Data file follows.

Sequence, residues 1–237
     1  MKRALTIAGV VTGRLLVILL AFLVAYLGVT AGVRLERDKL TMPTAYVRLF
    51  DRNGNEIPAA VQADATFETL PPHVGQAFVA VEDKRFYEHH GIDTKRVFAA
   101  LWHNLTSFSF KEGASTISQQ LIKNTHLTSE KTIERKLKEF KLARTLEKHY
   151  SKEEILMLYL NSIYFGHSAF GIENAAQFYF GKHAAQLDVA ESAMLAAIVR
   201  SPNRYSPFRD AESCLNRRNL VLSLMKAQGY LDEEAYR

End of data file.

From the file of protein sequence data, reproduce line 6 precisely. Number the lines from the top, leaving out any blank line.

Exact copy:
   201  SPNRYSPFRD AESCLNRRNL VLSLMKAQGY LDEEAYR